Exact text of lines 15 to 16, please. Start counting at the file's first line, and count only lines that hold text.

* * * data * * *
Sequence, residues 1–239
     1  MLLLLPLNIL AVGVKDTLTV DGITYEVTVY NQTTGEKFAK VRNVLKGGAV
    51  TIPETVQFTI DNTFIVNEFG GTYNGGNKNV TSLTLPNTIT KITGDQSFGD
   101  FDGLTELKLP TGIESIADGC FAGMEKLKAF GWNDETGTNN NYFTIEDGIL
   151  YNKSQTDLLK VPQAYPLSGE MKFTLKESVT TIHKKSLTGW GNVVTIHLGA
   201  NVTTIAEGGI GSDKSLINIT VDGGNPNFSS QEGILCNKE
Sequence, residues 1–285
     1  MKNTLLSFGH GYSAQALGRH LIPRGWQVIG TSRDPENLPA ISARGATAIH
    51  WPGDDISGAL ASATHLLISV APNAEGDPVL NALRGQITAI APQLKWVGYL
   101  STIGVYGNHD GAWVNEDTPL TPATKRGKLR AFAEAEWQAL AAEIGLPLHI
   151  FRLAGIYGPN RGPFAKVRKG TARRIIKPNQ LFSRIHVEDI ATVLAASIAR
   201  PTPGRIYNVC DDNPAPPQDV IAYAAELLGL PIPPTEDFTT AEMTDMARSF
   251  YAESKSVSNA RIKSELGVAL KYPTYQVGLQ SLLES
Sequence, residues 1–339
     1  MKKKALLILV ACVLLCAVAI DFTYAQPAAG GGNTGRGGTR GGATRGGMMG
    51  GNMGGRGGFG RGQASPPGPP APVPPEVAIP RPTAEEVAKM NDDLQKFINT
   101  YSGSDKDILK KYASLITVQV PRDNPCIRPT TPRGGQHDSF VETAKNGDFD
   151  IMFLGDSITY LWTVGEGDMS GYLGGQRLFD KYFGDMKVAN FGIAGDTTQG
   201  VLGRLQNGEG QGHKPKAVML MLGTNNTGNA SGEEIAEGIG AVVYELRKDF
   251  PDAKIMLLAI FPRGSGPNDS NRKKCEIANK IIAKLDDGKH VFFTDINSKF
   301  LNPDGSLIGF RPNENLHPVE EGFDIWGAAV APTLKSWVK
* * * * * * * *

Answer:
     1  MKKKALLILV ACVLLCAVAI DFTYAQPAAG GGNTGRGGTR GGATRGGMMG
    51  GNMGGRGGFG RGQASPPGPP APVPPEVAIP RPTAEEVAKM NDDLQKFINT